Potential Tanzania Oil Prospects Generate Foreign Interest

According to recent reports, Key Petroleum Limited, an Australian-based company, has claimed that its current exploration license in the West Songo Songo area of Tanzania has the potential to produce at least 735 million barrels of Tanzania oil, or about 1.3 trillion cubic feet of gas.

Tanzania’s West Songo Songo area is located between the active Songo Songo gas field and the country’s coastline.

In addition to its interested in Songo Songo, Key Petroleum Limited is working to develop the nearby field of Nyuni.

“Exploration and development work is rapidly increasing the value of these areas which form a significant part of Key Petroleum’s international asset portfolio,” said the Australian-based company in a statement that was first released by Reuters.

The Guardian recently quoted the company’s Managing Director, Ken Russell, as saying that, “the geological work that our team has been undertaking has provided us with some highly prospective targets in the West Songo Songo license area.”

Mr. Russell went on to say that, “Although at an early stage of evaluation these results provide us with a greater level of confidence in our Tanzanian interest.”

Efforts to discover oil and gas reserves in Tanzania have increasingly become more intense, as evidenced by the increased presence of foreign companies in Tanzania.

By the year 2002, foreign investors in the oil industry had already allocated over $293m of funds to Tanzania in order to further explore the prospects of oil and gas in the country.

Since then, the state-run Tanzania Petroleum Development Corporation (TPDC) has signed production sharing agreements (PSAs) with various oil and gas exploration companies in the hopes of soon discovering oil in the country.

In a recent report by the Guardian, the Managing Director of the TPDC, Mr. Yona Killagane, said that he was optimistic about the current exploration projects and that there was currently a 420,000 square kilometer area that had the potential for oil exploration projects.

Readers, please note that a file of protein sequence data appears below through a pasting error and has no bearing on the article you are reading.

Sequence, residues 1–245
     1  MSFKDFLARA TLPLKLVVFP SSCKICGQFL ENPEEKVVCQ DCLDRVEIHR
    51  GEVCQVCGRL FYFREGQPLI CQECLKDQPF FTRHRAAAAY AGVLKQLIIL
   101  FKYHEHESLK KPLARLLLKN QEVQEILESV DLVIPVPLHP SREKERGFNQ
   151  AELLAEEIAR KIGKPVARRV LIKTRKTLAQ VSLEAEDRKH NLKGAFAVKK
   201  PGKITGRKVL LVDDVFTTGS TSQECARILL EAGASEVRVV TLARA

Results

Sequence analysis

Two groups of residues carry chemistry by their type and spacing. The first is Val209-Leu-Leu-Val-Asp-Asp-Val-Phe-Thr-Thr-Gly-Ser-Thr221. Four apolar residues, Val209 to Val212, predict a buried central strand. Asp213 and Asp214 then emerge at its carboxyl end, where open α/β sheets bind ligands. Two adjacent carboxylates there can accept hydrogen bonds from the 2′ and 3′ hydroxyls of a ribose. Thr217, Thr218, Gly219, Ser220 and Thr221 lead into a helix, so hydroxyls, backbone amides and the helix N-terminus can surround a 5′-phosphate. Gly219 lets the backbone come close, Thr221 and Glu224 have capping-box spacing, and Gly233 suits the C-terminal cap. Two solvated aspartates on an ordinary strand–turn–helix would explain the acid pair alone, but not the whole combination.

According to Mr. Killagane, based on the success that has been made in the discovery of gas wells, the prospects for oil discovery are also very high.

“Right now tremendous success has been made in drilling for gas,” he said, “We’ve six wells in Songo Songo, four at Mnazi Bay and two in Mkuranga. We’re yet to discover oil, but I can assure you that there are hopeful prospects for oil.”

Mr. Killagane went on to say that he expects the drilling for oil to begin in the next two to three years.

Recent discoveries of oil in Uganda’s Lake Albert region have led many oil exploration companies to begin looking at the possibility of oil in Tanzania’s Lake Rukwa basin via Lake Tanganyika in the western branch of the Rift Valley.

Included in these exploration companies are the Norwegian-based Statoil Exploration Company as well as the Brazilian company, Petrobrus, both of which are involved in oil exploration projects in Tanzania.

Currently, the Statoil Exploration Company anticipates that it will spend at least $65m during the first phase of its 11-year exploration project off the coast of Tanzania on the eastern part of Mandawa Coastal Basin.